In this perfect storm of cultural, economic, and environmental uncertainty, contemporaries linked disasters together. Naturally, causal connections were stronger in some situations than others. Adverse weather, particularly harsh winters like 1740-1741, created numerous rippling effects and directly or indirectly contributed to several other demographic and environmental disasters. In addition to the direct consequences of frigid conditions (reports of cattle and sometimes even people dying from exposure abound), historians have indirectly connected adverse weather to a widespread mortality wave in the Netherlands and across Europe via failed harvests. (4) Furthermore, frigid conditions prompted the formation of ice dams on Dutch waterways. One can even connect these stressful environmental conditions to cattle plagues. Lack of fodder and prolonged exposure to adverse conditions likely weakened the immune systems of cattle making them more susceptible to disease. Rivers, on the other hand, had very little direct causal connection to the shipworm epidemic outside of the circumstances mentioned in these post.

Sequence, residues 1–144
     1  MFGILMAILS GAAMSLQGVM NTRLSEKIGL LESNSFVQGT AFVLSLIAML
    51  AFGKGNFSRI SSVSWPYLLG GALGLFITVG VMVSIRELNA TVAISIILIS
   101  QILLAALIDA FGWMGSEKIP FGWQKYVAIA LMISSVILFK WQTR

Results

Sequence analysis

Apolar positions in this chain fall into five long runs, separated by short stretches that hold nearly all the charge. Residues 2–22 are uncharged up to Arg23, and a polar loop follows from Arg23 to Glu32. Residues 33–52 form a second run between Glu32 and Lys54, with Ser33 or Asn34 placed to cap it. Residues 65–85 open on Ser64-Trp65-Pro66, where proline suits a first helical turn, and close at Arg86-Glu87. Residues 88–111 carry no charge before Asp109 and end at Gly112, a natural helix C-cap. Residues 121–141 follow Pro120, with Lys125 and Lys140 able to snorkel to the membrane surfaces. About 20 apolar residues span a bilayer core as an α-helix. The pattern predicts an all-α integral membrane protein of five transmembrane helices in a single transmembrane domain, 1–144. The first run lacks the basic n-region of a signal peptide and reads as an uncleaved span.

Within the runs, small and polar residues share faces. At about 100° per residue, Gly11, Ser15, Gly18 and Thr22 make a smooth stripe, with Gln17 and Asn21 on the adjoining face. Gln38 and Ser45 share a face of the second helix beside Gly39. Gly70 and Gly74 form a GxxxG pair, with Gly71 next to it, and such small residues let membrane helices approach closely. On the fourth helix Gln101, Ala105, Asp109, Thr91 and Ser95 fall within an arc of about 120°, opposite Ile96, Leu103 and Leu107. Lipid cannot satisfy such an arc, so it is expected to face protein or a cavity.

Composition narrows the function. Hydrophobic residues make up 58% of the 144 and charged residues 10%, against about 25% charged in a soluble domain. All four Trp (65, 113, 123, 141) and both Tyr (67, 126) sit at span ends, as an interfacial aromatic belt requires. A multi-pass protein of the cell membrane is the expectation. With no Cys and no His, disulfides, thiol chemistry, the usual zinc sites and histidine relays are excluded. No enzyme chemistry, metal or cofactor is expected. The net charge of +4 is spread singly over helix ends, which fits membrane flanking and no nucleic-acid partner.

Independently of direct environmental causation, however, contemporaries discursively linked the disasters of the 18th century. Rural communities merged disasters together in their petitions for remission from provincial taxation. The burden of rebuilding dikes in the wake of river floods (or shipworms) combined with the need to replenish cattle stocks after cattle plague epidemics) while also shouldering their usual tax burden, residents argued, was untenable.